Apple has a new patent application that has turned up at the USPTO that outlines a new system of haptic feedback that aims to make on-screen keyboards feel more like the real thing. The haptic tech described in the patent is called "Static Pattern Electrostatic Haptic Electrodes," and the goal is to to provide more tactile feedback like a computer keyboard.
The patent relates to haptics that use multiple static pattern electrostatic haptic electrodes that are driven by different voltages, which allows a range of different haptic outputs. The static pattern electrostatic haptic electrode could include conductive material and voids inside the conductive material that allows the material to be the densest at its edges and decrease towards the center of the virtual key.
That could give the feel of a cupped keyboard key. The haptic tech could simulate a texture gradient or other texture change effect as the user moves a finger over the edge of the virtual key towards the center. Apple says that when the static pattern electrostatic haptic electrodes are used with a key on a virtual keyboard, perceived textured or perceived shape differences related to different friction could be designed. That allows for user interactions that are similar to a traditional keyboard with a mechanical input structure.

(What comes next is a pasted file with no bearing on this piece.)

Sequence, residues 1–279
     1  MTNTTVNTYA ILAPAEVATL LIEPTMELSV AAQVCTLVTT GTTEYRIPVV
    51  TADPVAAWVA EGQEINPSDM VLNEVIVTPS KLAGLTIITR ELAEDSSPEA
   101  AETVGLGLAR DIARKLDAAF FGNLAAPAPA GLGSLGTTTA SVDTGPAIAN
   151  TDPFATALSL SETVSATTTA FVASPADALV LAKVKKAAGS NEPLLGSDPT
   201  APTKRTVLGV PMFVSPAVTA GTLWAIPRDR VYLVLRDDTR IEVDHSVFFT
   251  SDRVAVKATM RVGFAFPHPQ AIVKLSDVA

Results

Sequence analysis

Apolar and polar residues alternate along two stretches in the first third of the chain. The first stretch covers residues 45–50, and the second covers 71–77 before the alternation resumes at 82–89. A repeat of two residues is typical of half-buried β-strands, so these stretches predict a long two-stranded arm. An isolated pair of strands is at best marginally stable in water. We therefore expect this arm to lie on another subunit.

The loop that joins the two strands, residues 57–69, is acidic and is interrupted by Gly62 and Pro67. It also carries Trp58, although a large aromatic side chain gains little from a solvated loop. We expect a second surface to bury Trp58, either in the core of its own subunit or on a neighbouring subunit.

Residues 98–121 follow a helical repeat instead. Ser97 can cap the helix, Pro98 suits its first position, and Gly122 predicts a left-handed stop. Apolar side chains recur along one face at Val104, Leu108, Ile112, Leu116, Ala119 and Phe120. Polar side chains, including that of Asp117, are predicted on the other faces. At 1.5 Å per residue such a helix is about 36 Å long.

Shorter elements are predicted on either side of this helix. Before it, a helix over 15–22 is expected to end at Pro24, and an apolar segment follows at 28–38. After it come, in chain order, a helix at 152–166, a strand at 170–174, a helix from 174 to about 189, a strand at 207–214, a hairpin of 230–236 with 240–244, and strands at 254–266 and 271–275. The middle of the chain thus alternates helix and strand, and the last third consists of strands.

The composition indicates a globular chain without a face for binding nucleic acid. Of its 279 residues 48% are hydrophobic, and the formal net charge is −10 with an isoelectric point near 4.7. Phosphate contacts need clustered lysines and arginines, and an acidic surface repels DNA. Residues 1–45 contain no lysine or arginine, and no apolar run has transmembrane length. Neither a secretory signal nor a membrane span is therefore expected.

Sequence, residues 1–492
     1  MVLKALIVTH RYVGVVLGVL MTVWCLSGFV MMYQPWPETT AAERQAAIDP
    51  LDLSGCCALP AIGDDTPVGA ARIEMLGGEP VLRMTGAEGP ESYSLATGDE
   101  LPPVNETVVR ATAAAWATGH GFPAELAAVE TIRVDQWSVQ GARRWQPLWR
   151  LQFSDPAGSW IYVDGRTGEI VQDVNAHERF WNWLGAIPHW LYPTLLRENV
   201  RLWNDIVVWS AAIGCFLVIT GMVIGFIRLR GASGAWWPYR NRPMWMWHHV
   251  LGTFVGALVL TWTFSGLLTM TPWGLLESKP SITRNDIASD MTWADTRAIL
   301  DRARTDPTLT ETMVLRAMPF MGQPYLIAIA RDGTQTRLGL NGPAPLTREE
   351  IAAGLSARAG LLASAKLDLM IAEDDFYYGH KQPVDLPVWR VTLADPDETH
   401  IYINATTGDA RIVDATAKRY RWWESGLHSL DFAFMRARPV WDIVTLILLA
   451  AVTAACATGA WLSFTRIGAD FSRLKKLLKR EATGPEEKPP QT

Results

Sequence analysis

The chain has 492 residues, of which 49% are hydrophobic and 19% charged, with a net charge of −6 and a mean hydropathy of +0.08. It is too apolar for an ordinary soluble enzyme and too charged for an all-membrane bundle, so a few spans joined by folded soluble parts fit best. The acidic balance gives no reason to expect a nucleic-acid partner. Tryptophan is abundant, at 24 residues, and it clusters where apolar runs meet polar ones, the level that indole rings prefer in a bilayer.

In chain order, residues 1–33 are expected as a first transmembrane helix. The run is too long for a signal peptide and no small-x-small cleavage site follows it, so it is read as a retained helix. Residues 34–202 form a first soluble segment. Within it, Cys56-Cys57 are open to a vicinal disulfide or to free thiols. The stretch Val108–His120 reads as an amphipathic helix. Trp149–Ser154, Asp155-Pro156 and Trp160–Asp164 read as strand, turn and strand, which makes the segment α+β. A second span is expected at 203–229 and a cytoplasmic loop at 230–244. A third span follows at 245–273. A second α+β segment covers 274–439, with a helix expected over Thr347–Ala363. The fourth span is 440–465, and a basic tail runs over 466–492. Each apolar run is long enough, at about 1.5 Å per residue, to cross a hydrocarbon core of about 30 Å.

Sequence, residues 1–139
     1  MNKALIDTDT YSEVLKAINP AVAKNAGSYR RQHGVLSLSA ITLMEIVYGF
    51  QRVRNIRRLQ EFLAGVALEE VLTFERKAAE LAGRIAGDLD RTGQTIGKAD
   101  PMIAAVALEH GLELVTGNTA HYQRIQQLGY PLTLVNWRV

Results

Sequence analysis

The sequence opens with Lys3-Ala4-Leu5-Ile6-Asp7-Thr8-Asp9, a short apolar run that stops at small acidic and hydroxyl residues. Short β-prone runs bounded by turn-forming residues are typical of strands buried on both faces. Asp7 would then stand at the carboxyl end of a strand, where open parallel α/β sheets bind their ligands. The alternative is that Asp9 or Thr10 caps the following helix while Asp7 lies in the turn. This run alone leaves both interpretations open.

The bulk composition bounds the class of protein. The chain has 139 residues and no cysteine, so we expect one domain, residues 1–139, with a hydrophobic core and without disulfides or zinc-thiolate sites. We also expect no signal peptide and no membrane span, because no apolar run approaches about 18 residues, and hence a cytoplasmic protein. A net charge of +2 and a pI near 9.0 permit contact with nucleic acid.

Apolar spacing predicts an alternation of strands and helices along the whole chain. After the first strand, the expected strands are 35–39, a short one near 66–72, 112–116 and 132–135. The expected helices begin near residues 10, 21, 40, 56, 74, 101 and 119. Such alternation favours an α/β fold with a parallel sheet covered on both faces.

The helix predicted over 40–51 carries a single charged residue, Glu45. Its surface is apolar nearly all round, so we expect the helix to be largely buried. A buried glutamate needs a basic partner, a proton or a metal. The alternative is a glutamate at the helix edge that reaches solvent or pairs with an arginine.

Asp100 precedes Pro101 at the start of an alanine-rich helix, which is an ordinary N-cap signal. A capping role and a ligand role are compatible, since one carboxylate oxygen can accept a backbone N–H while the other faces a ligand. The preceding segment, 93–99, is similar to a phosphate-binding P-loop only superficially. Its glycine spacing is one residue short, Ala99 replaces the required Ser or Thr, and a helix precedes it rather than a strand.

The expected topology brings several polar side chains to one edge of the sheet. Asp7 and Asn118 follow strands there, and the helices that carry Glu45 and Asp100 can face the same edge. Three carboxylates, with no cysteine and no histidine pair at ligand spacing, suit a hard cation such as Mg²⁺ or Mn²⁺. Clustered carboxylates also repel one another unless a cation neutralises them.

Apple says the tech would allow users to find virtual keys and orient themselves using the same small finger and hand motions used when typing on traditional keyboards (a la touch typing). The patent application was published recently, but was filed in Q1 2019 and was being worked on as far back as Q1 2018. There is no guarantee this patent will ever result in tech used in Apple devices, but it is interesting development nonetheless.
Apple recently announced that the iPhone 11 would flash a warning screen if a non-OEM display was used in a replacement.